As Sam mentioned, "Treatment with metronidazole would be appropriate. This would be of concern if the patient was pregnant as T. vaginalis can cause premature rupture of membranes, preterm birth, and decreased birth weights." T. vaginalis can also increase the risk of HIV transmission, so treatment is indicated even if the patient is asymptomatic.
Thanks to all who wrote in with comments!
This week's case was generously donated by Dr. Marijo Roiko, Dr. Shifteh Vahidi, and Ms. Marnie Larsen. Marnie noticed the unusual structure shown in the image below in a urine cytology specimen from an elderly male with a history of hematuria. The structure in the image was observed on PAP stain and was a solitary finding; it measures 125 x 75 µm.
Answer to the Parasite Case of the Week 625: Not a parasite; rotifer
This fascinating "wheel animal" (from Latin rota "wheel" and -fer "bearing") has been seen a couple of times in the past on this blog. Check out our previous cases with great photos and videos:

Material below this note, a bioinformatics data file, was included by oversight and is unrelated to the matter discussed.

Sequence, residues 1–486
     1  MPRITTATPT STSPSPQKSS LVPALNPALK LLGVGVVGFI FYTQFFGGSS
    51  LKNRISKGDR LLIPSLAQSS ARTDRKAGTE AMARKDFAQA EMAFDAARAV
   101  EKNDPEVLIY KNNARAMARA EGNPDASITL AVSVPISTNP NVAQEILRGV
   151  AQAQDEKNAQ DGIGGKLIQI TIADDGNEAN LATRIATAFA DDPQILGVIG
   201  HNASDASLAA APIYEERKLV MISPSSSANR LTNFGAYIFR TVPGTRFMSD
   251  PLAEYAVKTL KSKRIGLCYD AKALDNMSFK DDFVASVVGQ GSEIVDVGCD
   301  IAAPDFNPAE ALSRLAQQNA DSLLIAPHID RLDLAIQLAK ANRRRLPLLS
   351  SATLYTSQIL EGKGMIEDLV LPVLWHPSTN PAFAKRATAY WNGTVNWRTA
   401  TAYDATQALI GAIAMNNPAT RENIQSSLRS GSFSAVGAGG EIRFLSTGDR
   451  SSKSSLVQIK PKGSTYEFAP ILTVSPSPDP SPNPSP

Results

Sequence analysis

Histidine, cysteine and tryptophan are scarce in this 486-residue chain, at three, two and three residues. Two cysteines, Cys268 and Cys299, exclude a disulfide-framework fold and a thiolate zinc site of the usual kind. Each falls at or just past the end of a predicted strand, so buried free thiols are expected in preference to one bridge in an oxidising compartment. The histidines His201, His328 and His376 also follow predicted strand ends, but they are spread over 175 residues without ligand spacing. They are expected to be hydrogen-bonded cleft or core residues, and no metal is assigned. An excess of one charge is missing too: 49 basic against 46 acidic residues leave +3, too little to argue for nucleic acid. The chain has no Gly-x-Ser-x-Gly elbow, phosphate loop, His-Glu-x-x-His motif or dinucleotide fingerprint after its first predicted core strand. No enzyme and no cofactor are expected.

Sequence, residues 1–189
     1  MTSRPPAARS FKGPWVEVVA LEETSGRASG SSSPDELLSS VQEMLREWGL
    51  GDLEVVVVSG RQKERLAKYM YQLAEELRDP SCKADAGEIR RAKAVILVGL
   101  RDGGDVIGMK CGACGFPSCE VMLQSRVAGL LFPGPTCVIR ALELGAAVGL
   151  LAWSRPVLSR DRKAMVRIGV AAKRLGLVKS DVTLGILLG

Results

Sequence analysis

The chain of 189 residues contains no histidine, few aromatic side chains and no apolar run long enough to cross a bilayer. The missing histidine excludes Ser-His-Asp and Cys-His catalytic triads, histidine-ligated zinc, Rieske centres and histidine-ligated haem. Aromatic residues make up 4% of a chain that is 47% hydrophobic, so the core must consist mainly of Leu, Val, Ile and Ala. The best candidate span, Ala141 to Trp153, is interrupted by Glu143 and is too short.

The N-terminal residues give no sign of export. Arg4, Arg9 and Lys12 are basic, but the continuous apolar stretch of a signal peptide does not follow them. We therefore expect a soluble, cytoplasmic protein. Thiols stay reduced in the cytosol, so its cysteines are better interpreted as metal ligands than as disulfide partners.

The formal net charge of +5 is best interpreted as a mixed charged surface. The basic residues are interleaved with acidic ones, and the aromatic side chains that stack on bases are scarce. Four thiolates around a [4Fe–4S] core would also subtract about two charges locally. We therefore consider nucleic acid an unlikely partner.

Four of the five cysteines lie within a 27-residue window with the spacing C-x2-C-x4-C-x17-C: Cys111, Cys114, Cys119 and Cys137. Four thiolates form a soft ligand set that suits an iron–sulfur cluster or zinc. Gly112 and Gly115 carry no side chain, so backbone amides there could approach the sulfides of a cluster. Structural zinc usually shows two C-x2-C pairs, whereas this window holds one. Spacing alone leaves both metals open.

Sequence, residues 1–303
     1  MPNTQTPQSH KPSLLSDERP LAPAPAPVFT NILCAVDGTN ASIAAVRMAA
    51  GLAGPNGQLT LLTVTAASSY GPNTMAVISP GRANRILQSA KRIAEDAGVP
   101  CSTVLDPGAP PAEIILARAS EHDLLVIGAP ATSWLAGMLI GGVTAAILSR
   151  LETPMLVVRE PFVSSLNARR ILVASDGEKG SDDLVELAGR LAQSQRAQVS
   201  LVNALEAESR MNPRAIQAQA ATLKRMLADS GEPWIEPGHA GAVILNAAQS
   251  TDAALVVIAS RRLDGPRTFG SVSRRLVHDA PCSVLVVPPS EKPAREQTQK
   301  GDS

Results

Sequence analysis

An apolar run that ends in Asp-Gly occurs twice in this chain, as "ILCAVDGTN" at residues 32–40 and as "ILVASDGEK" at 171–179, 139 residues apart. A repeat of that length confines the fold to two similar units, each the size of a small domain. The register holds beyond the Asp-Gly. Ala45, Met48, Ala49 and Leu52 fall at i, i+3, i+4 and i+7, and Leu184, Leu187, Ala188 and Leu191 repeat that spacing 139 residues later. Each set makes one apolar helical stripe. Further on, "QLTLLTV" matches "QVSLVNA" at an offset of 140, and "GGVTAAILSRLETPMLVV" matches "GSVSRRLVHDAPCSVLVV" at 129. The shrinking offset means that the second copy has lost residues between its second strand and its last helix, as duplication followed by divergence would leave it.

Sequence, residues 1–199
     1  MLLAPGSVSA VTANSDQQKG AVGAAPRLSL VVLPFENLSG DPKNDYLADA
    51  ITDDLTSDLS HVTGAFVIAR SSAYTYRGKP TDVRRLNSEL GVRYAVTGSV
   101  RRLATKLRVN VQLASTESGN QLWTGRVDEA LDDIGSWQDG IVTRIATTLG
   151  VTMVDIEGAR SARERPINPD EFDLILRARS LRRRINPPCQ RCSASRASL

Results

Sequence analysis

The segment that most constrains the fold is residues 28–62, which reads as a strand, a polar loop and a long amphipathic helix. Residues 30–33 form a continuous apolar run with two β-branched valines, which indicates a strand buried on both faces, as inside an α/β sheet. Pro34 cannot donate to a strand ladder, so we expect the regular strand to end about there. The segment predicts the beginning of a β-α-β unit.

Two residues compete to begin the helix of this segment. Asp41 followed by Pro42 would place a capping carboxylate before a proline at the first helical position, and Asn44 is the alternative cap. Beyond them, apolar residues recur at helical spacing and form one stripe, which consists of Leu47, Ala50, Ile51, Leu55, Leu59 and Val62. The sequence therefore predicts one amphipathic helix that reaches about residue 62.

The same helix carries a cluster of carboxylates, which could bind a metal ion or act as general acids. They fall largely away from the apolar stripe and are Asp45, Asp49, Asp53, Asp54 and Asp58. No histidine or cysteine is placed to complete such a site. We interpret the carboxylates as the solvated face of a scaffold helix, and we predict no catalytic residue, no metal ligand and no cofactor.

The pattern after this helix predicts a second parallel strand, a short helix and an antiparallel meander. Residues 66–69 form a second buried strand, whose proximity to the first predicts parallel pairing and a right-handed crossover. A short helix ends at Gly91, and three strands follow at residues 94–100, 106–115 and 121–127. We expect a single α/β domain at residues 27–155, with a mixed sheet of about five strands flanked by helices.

Case 517 (unstained with video)
Case 304 (another Pap-stained case)
Here are some of the diagnostic features in this case:
This week's case is a bit unusual in that it is an environmental sample (but the parasite has relevance to human health). The following were seen in a soil sample taken from a child's playground. They are approximately 80 micrometers in greatest dimension. Most likely identification?
Answer to the Parasite Case of the Week 624: Toxocara sp. eggs. Note that one is fully embryonated and contains an L3 larva. These eggs are found in the feces of the definitive hosts: T. canis in canids and T. cati in felids. Based on the size, the eggs in this case of likely to be those of T. canis, which is slightly small than the eggs of T. cati (80-85 vs 65-75 microns respectively). Of note, these eggs are NOT found in human feces. However, they are a risk to humans if ingested, since eggs with larvae will hatch and can cause visceral larva migrans. That is why finding eggs in the soil of a child's playground is particularly concerning.